Ayurveda means the knowledge of Life. This philosophical and medical system is a branch of Vedic understanding dating back at least four thousand years.
Every being contains a slightly different blend of the five elements. To some what simplify things, Ayurveda distilled the five elements into three Doshas or qualities, within a living being. These three doshas contain a mixture of the five elements. As humans, we contain a mixture of these three doshas. Usually two of the three are predominant, creating genetic differences in personality energy levels, and appearance. In Ayurvedic understanding, when the energies in the body are out of balance, disease can follow. The cure for disease is to restore the body’s natural harmony through lifestyle appropriate for the particular dosha, and of course yoga practice.
Determining your dosha can help you understand your natural tendencies and plot a course of action to stay as balanced as possible. As an example, someone with a Kapha constitution (strong in earth and water energies) may have great patience and endurance and not get rattled if they miss a meal, but cultivating speed and determination may be a challenge. Yoga practice for this constitution might emphasize the fire and air elements of a dynamic practice rather than slow, restorative postures. This type of practice may not be initially appealing to a constitution strong in Kapha energy. Those of us with plenty in our constitution might find long holds in asana practice irritating and challenging in the same manner. Balanced practice includes working with your weakness as well celebrating your strengths.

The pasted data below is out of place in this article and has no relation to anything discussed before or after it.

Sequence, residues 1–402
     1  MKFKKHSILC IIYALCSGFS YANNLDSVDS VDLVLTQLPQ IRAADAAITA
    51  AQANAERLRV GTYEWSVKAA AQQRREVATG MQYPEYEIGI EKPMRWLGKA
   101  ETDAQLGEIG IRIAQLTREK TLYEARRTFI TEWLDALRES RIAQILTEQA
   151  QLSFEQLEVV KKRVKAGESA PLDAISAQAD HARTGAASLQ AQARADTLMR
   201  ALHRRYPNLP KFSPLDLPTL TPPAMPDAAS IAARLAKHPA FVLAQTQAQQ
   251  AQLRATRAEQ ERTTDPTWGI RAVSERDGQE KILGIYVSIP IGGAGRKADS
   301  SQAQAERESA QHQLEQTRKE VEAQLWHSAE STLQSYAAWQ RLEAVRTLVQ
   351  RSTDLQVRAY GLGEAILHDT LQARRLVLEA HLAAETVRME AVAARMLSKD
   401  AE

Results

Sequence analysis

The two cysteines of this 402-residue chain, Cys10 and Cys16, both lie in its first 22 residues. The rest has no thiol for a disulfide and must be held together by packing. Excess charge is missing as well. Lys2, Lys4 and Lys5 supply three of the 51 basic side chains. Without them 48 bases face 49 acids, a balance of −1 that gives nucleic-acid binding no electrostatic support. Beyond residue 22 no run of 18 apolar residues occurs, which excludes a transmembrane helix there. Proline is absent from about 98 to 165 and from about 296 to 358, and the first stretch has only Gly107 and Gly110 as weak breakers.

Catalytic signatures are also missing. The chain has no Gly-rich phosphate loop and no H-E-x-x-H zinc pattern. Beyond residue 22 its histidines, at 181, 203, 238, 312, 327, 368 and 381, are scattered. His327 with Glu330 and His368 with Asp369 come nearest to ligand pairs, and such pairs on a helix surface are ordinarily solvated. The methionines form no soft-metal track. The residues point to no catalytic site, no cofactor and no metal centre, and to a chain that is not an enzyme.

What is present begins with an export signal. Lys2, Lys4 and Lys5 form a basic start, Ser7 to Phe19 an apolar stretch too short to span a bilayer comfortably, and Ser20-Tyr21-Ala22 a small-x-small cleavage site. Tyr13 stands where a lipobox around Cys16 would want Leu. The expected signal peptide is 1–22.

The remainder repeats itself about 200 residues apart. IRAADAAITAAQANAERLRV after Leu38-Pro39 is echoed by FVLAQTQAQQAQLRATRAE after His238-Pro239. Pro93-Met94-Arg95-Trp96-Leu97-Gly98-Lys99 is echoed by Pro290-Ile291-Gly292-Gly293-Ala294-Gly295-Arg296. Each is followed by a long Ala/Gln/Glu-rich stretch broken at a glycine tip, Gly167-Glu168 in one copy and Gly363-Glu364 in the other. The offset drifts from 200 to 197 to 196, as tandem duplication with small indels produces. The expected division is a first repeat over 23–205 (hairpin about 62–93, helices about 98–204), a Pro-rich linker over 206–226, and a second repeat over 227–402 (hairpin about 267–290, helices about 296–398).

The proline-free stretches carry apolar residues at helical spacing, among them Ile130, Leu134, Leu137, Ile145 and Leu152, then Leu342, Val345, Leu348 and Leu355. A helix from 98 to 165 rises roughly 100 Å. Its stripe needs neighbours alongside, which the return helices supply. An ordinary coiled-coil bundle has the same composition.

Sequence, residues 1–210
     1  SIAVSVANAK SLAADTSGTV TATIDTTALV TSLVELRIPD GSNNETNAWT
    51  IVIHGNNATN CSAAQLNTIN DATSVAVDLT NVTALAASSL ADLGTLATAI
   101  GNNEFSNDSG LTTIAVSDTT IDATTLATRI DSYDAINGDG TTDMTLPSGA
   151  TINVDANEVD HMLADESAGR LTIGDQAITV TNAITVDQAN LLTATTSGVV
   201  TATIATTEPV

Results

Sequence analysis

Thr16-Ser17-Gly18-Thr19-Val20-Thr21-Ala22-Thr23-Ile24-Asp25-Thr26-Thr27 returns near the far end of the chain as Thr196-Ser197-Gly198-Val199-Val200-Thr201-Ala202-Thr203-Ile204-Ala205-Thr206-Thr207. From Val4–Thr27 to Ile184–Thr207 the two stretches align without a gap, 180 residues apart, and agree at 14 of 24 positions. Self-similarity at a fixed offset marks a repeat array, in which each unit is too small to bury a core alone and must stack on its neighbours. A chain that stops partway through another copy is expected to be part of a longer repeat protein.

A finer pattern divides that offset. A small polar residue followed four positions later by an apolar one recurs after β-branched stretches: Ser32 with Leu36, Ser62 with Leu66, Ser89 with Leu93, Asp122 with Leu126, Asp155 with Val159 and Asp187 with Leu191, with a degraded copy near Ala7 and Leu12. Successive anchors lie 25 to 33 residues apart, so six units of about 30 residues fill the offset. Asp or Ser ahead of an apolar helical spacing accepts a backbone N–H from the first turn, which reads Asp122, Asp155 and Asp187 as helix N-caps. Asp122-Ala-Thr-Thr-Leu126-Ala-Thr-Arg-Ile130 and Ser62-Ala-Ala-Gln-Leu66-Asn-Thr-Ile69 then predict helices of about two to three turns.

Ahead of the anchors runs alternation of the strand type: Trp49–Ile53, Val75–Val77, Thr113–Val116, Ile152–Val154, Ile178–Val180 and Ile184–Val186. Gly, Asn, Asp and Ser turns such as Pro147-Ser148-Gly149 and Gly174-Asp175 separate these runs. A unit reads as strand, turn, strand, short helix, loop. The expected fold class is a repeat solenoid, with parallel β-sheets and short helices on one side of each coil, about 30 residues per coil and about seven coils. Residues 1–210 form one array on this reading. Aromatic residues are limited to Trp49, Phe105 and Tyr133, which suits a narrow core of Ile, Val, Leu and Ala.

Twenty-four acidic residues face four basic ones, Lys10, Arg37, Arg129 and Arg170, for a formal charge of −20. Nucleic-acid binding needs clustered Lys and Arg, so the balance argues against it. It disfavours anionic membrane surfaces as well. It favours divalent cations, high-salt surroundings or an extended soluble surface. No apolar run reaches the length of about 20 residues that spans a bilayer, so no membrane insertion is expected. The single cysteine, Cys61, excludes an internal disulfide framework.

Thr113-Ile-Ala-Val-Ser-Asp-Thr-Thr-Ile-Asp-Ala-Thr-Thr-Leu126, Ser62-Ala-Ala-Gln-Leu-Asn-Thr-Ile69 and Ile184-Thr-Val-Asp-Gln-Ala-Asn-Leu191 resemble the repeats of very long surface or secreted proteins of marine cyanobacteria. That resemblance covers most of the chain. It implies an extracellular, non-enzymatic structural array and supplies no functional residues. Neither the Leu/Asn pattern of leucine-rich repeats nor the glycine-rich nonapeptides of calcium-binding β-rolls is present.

As a yoga teacher, embodying these five energies, observing them in students and employing them specifically toward encouragement, are all part of the art of effective teaching. The strongly Pitta student may need to be reminded not to go beyond her edge into injury. The Vata student should be encouraged to keep his feet rooted. The Kapha student may need to be awakened from Savasana regularly.
The Three Doshas
Kapha – earth and water
Pitta – fire and water
Vata – air and space